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Hunting palace and summer residence with glorious views

Solitude Palace

Inscription on the south side of the palace passageway at Solitude Palace. Image: Staatliche Schlösser und Gärten Baden-Württemberg, Petra Schaffrodt
Written testimonies in stone and bronze

The inscriptions

Written in Latin, several building inscriptions on Solitude Palace inform viewers of the motivation of its builder, Duke Carl Eugen von Württemberg. A newer tablet of inscriptions made of bronze can also be viewed at Solitude Palace.

Inscription on the south side of the palace passageway at Solitude Palace. Image: Staatliche Schlösser und Gärten Baden-Württemberg, Andrea Rachele

Carl Eugen praised himself.

Building inscription on the south portal

On the courtyard portal of the palace passageway, a sandstone cartouche is crowned with laurel leaves. Above the finely carved Latin numerals for the year, the following inscription can be read: MODERATORE CAROLO DESERTAM SOLITUDINEM LABOR IMPROBUS QUADRIENNIO VICIT MDCCLXIII – MDCCLXVII. In translation, that means: "Under the leadership of Carl, untiring work conquered the lonely desert in four years 1763–1767."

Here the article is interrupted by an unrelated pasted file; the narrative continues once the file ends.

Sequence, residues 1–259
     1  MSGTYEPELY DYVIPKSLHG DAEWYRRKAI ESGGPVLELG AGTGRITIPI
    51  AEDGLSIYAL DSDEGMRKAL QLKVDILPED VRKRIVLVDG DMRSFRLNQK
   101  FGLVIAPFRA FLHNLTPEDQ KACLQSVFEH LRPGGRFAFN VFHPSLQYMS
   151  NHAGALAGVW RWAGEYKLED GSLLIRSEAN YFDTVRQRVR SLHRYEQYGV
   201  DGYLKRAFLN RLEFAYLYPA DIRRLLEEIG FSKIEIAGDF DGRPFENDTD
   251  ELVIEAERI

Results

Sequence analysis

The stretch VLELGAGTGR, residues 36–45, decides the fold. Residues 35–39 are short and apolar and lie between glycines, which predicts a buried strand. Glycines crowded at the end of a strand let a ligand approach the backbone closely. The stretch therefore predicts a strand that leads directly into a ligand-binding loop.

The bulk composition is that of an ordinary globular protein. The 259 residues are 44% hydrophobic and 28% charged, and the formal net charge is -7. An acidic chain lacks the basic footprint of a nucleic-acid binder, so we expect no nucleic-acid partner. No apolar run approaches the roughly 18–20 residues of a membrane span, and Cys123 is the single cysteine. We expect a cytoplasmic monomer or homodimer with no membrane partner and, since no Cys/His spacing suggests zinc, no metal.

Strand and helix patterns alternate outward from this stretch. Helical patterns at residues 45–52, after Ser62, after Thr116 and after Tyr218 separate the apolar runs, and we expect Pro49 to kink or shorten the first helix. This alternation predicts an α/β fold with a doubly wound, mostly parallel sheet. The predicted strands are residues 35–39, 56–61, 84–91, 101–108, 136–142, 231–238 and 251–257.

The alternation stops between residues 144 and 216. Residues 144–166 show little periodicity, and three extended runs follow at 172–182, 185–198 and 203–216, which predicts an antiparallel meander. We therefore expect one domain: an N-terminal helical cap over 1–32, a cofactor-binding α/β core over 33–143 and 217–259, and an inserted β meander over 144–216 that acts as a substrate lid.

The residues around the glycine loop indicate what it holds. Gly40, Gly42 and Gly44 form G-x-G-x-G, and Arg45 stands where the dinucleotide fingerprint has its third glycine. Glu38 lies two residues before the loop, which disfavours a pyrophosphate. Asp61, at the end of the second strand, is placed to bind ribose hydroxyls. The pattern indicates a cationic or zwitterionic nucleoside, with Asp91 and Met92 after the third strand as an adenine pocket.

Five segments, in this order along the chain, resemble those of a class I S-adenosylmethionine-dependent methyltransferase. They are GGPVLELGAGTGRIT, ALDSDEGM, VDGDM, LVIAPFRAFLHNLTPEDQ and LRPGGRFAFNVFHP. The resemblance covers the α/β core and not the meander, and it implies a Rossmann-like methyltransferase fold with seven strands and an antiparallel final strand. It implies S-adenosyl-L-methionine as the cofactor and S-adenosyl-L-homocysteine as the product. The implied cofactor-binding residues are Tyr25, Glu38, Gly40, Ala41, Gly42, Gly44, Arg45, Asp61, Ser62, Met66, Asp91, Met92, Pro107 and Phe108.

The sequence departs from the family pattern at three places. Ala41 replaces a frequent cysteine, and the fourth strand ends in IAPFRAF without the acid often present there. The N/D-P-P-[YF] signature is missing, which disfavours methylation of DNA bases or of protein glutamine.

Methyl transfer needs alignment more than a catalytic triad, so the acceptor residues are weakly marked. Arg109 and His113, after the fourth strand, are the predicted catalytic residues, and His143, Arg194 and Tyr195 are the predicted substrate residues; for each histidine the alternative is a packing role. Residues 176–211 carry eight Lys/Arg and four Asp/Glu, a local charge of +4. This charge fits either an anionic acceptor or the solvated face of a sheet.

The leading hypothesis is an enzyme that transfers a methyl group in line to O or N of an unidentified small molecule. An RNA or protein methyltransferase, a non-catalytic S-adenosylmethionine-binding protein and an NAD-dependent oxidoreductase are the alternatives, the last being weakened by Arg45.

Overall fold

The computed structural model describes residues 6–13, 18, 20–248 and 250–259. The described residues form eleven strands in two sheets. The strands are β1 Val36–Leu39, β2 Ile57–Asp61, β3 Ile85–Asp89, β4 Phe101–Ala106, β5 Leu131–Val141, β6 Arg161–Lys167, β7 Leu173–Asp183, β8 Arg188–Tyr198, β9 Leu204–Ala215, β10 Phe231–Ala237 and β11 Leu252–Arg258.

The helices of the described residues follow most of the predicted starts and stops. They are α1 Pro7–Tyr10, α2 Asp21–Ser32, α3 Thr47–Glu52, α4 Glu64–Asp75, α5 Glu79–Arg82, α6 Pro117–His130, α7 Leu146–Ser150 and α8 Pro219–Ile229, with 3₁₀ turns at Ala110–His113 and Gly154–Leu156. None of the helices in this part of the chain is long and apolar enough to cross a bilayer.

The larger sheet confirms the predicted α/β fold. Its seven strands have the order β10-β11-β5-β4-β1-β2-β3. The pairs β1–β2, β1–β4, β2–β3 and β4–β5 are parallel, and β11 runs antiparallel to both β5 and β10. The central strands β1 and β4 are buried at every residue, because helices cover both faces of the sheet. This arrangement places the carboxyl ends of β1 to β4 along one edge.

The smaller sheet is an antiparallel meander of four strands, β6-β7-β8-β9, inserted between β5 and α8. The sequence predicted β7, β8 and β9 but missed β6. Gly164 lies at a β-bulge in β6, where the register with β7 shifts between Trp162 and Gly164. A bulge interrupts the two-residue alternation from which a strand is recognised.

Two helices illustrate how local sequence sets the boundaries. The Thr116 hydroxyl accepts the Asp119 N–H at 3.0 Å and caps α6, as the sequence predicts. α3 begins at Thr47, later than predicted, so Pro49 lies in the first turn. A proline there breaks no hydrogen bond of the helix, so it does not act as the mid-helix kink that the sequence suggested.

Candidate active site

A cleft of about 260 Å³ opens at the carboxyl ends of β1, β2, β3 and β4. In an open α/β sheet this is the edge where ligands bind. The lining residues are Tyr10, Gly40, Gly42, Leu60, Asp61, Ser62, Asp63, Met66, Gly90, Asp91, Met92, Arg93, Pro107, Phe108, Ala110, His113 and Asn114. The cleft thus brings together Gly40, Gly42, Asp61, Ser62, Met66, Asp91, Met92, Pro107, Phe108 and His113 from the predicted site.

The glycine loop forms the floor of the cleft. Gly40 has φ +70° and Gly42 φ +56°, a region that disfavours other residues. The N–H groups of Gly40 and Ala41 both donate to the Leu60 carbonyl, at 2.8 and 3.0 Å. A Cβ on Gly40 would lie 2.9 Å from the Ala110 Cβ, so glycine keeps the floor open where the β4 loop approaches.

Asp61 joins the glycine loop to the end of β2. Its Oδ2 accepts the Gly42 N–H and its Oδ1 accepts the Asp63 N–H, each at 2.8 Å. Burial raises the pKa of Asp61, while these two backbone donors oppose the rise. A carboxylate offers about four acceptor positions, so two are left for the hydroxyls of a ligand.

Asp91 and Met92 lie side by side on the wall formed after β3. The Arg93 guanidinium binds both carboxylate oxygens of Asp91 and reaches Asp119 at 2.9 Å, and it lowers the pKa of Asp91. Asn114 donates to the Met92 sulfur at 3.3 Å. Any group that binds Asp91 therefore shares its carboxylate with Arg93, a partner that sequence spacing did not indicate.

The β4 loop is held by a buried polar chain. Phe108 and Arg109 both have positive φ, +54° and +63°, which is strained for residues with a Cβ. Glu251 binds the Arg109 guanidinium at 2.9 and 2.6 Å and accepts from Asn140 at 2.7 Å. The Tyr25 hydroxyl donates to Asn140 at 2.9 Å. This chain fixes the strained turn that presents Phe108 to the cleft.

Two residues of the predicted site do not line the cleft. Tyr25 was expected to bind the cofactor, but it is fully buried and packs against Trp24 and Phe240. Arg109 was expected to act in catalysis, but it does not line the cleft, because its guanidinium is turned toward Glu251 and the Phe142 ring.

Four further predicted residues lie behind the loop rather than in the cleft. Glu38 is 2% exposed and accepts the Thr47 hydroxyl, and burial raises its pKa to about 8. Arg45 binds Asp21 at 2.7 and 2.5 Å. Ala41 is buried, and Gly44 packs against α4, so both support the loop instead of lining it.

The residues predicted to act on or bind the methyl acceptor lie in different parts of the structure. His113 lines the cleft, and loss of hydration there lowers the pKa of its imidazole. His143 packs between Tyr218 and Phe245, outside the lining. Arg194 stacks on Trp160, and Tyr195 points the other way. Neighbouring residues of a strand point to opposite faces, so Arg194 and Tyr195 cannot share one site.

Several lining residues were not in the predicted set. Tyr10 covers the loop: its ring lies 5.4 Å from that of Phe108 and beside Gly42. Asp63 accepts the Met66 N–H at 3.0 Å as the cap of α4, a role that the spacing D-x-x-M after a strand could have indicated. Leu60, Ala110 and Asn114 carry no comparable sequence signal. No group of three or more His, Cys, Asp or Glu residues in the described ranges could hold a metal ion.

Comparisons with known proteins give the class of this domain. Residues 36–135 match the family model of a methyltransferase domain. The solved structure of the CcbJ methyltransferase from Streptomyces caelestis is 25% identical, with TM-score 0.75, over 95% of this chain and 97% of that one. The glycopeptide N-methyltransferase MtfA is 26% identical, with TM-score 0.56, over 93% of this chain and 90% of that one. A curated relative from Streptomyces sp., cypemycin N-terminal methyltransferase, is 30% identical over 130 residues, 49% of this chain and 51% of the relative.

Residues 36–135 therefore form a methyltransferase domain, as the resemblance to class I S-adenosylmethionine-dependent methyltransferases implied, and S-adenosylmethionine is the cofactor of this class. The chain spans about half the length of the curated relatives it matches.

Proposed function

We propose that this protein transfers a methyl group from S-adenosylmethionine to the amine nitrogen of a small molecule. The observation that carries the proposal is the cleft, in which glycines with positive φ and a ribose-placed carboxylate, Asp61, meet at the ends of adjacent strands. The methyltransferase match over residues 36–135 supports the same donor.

Inscription on the north side of the palace passageway at Solitude Palace. Image: Staatliche Schlösser und Gärten Baden-Württemberg, Andrea Rachele

Carl Eugen dedicated the palace to "holy peace."

Building inscription on the north portal

There is also a sandstone cartouche crowned with laurel leaves on the north side of the palace passageway. Here, too, is another finely carved inscription in Latin. It reads: LOCA HAEC TRANQUILLITATI SACRA VOLUIT CAROLUS. In translation, that means: "The place that Carl Eugen dedicated to holy peace."

Duke Carl Eugen as a rider in front of Hohenheim Palace, copper engraving, circa 1790. Image: Landesmedienzentrum Baden-Württemberg, Dieter Jäger

The duke gave orders.

What was Duke Carl Eugen trying to say?

Both inscriptions emphasize the decisive role of the duke. He commissioned the project in 1763. And it was he who pressed for the quick implementation of the construction project in only four years—he visited the construction site regularly. Indeed, construction work on the palace and garden was likely first completed in 1769. Nonetheless, the duke himself was the mastermind behind the planning of Solitude Palace. Only once his own knowledge would take him no further did he draw on his court architect, Philippe de La Guêpière.

In remembrance of the 19th-century national land survey

"National Land Survey of Württemberg / 1820 / Starting point of the baseline / Solitude – Ludwigsburg / Length: 40,118.718 Parisian feet / = 13,032.14 meters."

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